"I deeply am saddened by what has transpired. As the mayor of Calumet City, I must protect the citizens and the work that has been done to try to improve our community. Therefore, I must announce a curfew be enacted immediately to safeguard our families and children," she said. "This curfew restricts all vehicular and pedestrian movement unless related to emergency personnel, law enforcement, or essential worker commuting. No one else is allowed in any public place during those hours. This curfew will be enforced to the fullest extent of the law."
Hammond blocked off many of the street to neighboring Cal City and extended its curfew for one more night, running from 9 p.m. Monday until 5 a.m. Tuesday.
Mayor Thomas McDermott Jr. said Sunday night was calm in Hammond, but the city is taking precautions.
"During this period of time, the traffic restrictions along the Illinois border restricting eastbound traffic from entering the City of Hammond will remain in place," he said. "We have opened up Indianapolis Boulevard, at the northern border of the city, as an easing measure. All north and southbound traffic in and out of Hammond continues to be unrestricted and open."
Qualkinbush blamed outside protesters for the extensive damage, including smashed windows and looting at businesses that included Sam's Club, Petco, Party City, Marshalls, Shoe Carnival, Shopping World, Big Lots, River Oaks Liquors, Value Pawn, Starbucks and Bob's Discount Furniture.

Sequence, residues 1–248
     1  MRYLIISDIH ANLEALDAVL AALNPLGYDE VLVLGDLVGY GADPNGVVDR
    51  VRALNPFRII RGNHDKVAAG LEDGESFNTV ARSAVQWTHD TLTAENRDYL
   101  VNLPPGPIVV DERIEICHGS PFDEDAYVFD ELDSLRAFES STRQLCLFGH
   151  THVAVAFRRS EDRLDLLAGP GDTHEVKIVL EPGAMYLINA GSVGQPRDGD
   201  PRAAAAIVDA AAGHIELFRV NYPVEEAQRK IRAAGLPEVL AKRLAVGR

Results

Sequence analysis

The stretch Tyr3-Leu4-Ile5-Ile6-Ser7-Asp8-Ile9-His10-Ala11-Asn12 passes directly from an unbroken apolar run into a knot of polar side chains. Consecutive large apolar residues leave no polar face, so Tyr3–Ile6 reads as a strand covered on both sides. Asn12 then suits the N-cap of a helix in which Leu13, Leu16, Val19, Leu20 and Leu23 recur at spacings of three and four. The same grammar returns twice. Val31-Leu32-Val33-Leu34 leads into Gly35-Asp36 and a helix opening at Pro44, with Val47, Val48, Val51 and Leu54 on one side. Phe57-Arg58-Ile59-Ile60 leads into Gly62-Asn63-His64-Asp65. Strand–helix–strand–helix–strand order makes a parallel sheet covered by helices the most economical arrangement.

"Please be aware that organized bands within the protest groups have driven to Calumet City and surrounding communities to attempt to take advantage of the situation and commit crimes on our citizens and businesses," she said. "I urge all Calumet City residents to stay inside as much as possible and to especially avoid the area of River Oak Mall and Sibley Boulevard business district to allow our first responders to do their jobs."
Northwest Indiana businesses just across the state line that closed as a precaution Sunday have generally reopened.
"Yesterday we put the suggestion out that they close early and most accepted our suggestion," Highland police Cmdr. John Banasiak said. "We have extra officers out with extra focus on the business districts and we continue to monitor the situations both here and with surrounding communities. We continue to be in communication with our neighboring police departments to stay abreast with things that may be happening there."
In Munster, police reportedly came in and evacuated businesses like Howard & Sons Quality Meats as tensions rose Sunday, warning employees protests were getting closer. Several Indiana State Police Troopers stood guard outside the Strack and Van Til store right on the state line.
"The businesses are generally opened," Munster police Lt. John Peirick said. "The police department was keeping businesses aware of trends over the weekend and the decision to close was left up to the individual business. As for extra protection, the police department is actively patrolling and monitoring our business districts."